It doesn’t matter whether you’re preparing for a once-in-a-lifetime vacation or if you travel often; it’s critical to incorporate safety concerns into your pre-trip preparation. The following travel safety guidelines may help you arrange an exciting trip and reduce safety hazards.
Travel Safety 101
Avoid Posting Locations or Agendas on Social Media
According to the survey, 32% of respondents would avoid sharing photographs or status updates online abroad, and only 20% would disable geotagging on photos. If you disclose your plans or location on social media, potential criminals can track you, making it easier for them to organize their illicit behaviors.
Thus, you should wait until you return home before writing about your trip.
Take Care of Your Money
Carrying large sums of cash is never a good idea. Open an account with a credit card firm or a foreign bank instead so that you can use ATMs in your area. If you need to withdraw a large sum of money at once, keep most of it secure at your accommodation and withdraw just what you need for the day.
Moreover, using ATMs linked with banks is recommended since scam artists are less likely to have interfered with this technology.
Never put all of your money in one account. Keep your cash and credit cards in at least two distinct places so you are not completely out of cash if one of your stashes is taken.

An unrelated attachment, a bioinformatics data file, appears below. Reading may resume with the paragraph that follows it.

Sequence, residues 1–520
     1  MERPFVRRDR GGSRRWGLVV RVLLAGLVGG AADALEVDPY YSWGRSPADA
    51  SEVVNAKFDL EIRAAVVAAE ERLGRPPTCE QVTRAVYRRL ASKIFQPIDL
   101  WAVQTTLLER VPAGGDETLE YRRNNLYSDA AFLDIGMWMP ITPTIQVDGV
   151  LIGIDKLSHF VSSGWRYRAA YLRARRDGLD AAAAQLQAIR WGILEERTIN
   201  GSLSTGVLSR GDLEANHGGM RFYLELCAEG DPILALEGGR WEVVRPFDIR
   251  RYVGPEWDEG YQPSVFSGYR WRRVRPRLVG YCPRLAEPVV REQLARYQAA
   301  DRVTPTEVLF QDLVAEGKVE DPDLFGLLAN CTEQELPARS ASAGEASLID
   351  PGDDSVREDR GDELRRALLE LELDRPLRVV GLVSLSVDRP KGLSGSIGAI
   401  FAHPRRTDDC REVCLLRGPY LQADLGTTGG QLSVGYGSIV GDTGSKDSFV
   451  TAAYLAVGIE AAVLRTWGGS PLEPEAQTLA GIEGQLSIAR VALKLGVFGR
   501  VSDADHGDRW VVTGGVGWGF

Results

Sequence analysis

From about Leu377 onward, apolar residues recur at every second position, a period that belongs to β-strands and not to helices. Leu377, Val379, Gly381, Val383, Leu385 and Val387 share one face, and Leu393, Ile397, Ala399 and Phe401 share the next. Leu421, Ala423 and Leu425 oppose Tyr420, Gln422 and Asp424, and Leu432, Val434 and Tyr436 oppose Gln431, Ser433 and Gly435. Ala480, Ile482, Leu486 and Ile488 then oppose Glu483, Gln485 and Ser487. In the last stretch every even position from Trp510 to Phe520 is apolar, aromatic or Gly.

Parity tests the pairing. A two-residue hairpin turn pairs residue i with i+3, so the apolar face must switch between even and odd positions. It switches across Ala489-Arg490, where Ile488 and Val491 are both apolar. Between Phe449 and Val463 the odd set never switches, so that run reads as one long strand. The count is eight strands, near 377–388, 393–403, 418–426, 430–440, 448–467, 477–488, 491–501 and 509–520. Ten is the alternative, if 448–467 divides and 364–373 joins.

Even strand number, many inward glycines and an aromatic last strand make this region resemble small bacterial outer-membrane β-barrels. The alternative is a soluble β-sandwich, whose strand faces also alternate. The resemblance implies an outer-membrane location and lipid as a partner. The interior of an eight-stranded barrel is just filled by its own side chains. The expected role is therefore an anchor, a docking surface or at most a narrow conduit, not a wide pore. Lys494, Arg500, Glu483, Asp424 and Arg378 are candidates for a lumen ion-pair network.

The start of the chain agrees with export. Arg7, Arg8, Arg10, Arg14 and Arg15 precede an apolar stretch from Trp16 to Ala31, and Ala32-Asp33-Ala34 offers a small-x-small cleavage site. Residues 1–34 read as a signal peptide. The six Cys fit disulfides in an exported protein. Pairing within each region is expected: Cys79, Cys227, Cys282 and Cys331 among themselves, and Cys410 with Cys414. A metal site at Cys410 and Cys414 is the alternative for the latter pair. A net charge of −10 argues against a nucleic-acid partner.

Keep in Touch with Your Family and Friends
Make sure someone is aware of your plans before you leave, and continue to keep that person informed of any changes. Contact a close friend or family member in your hometown at the end of each day.
We understand that this may seem irritating, but it is best to err on caution rather than look back with regret. If someone knows where you want to be on a certain day, they will be better positioned to help you if anything bad occurs.
Research Your Accommodation
When choosing a place to stay, price and proximity to your destination are typically two of the most important variables; nevertheless, you should not underestimate the value of location research, especially if this is your first trip to the area.
Using tools like Google Maps or MapQuest may help you get a better sense of the area, and this impression can be verified by reading reviews published by other travelers on websites like TripAdvisor or Hotels.com.
According to SteinLaw, a well-known West Palm Beach negligent security lawyer, “When you make your reservation, ensure the accommodation has security cameras installed. Security cameras installed in high-risk areas such as the lobby, corridors, stairwells, and parking lots are effective deterrents for would-be thieves.”
Keep Gender Issues in Mind
As much as it hurts us to admit it, gender discrimination is still a prominent problem in today’s modern culture. Women face distinct problems than men, in both good and bad ways, and they get different treatment overall. These concerns may be minor or serious, depending on the country in which you live.